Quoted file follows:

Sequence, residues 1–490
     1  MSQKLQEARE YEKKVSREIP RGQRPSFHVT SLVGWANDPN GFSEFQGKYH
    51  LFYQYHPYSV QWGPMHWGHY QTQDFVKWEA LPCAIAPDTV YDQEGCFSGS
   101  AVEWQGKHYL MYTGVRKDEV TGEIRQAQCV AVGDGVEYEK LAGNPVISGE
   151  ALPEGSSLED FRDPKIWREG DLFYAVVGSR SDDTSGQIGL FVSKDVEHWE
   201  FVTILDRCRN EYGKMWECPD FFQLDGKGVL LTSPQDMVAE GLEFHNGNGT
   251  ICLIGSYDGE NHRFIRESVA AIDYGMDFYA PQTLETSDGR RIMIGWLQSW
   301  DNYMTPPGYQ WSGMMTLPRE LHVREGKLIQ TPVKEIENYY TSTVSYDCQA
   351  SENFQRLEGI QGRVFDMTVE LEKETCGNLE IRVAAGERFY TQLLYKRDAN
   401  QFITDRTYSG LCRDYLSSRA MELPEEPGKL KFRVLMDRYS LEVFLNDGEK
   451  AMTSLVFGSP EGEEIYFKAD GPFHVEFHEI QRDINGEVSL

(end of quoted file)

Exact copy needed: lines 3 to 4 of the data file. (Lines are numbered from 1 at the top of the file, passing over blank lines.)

    51  LFYQYHPYSV QWGPMHWGHY QTQDFVKWEA LPCAIAPDTV YDQEGCFSGS
   101  AVEWQGKHYL MYTGVRKDEV TGEIRQAQCV AVGDGVEYEK LAGNPVISGE